How to write a good lesson plan

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As another block of teaching practice or school placement looms this week, here are some tips to help write a great lesson plan.

Top tips for writing a great lesson plan

  1. Set out the learning objective for the lesson clearly in your lesson plans.  Also, make this objective or outcome as specific as possible.  Be very clear about what you aim to teach the children during that lesson.
  2. Highlight your method of assessment – teacher observation or teacher-designed task.  If you are assessing using teacher observation, make sure you identify how you will record this.  Typically this is recorded in a teacher observation notebook.
  3. Identify teacher questioning.  There are 2 options for this- lower and higher-order questioning.  Lower order are closed questions such as “What was the name of the boy in the story?”. Higher order are open-ended questions like “How do you think he was feeling?”
  4. Write about language development opportunities during the lesson.  This can take the form of new vocabulary, words, oral language development etc.
  5. Use a range of different teaching methodologies. If you’re writing lots of plans, inspectors will be looking to see a variety of these used throughout.

The main body of lesson plan

  1. When writing the main body of the lesson plan use bullet points. Do not write the lesson plan in an essay-style way.  Bullet points make it clear and readable for the inspector, and yourself. Remember it is a working document and will guide you through the lesson.
  2. Write a clear introduction.  Try to grab children’s interest from the start. Have a punchy introduction such as a game, puzzle, or exciting picture.  Something that will inspire immediate engagement.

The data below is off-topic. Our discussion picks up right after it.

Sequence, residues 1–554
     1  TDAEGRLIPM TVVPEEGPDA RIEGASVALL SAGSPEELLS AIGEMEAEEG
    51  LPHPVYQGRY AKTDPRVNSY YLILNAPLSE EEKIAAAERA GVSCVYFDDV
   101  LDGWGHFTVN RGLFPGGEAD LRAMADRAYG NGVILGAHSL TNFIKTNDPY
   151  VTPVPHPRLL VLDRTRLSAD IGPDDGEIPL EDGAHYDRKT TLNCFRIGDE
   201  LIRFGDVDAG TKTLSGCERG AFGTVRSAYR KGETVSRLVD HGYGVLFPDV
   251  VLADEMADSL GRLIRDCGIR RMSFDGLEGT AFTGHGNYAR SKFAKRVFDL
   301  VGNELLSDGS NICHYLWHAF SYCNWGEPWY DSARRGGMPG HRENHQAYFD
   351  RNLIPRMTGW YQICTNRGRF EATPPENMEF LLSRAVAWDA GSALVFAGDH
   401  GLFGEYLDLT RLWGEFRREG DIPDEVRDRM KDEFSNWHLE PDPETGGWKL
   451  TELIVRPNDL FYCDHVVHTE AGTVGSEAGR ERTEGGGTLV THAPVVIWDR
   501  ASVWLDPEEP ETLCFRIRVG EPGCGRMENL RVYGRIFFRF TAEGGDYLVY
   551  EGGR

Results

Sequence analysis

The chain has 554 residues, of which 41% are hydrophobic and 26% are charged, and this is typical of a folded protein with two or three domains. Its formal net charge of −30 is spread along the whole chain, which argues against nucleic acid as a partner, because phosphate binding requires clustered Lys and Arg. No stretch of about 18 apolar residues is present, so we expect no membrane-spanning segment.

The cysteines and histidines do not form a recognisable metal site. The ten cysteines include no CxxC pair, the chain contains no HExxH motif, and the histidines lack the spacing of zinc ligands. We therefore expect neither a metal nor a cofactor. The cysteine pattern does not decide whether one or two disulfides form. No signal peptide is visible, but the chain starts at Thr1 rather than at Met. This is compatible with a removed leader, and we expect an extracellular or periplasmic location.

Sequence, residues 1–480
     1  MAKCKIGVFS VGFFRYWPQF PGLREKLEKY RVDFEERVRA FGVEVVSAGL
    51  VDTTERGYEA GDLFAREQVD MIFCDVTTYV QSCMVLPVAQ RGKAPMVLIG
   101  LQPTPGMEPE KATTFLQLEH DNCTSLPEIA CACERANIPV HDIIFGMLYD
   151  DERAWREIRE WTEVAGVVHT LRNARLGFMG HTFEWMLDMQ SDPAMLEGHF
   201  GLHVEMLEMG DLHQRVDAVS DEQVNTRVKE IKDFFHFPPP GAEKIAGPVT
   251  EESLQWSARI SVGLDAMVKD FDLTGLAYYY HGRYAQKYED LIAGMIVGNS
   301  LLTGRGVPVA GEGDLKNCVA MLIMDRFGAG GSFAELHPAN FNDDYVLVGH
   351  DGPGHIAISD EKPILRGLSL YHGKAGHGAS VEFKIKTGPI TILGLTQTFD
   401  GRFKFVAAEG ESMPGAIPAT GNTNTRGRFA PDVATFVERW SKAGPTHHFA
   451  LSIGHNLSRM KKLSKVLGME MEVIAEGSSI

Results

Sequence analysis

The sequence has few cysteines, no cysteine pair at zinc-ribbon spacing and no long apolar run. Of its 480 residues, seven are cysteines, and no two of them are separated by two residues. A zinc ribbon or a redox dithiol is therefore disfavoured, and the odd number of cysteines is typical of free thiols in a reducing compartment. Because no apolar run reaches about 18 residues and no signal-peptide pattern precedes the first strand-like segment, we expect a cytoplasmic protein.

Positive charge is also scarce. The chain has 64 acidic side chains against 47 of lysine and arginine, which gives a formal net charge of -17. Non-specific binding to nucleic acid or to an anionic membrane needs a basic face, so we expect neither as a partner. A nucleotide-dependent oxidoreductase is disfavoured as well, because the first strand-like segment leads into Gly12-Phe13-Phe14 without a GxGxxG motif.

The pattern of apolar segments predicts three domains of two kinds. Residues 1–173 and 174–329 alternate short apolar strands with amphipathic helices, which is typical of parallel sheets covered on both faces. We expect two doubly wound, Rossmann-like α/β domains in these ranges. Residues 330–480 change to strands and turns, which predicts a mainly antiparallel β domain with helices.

3. The development section is your opportunity to explain how the main teaching of that lesson will take place.  Focus on what you will do and what they will do.  Remember, too much teacher talk is always a favourite critique for inspectors so look at your lesson objective and make sure you are teaching this.  Highlight what the children will do during the development.
  4. When concluding your lesson always include a social conclusion and a cognitive conclusion.  Social conclusion means tidying up, collecting worksheets, a transition game etc.  Cognitive conclusion is again your opportunity to revisit the objective.  Asking questions, finishing with a game which relates to the lesson etc are all good ideas.
  5. Always show how you will differentiate your lesson.  Remember that as well as those with lower ability, the higher ability needs to be challenged are differentiated for also.  Examples of ways to differentiate include different worksheets, fewer questions on some, more on others, questioning etc.
  6. Make sure you identify all resources used during the lesson.
  7. Integration is easy to identify in teaching practice as you are always working within a theme. Show all integration and linkage on your plans.

We have a huge range of lesson plans available to download across all subject areas. Why not download some to see an example of how to write a good lesson plan?

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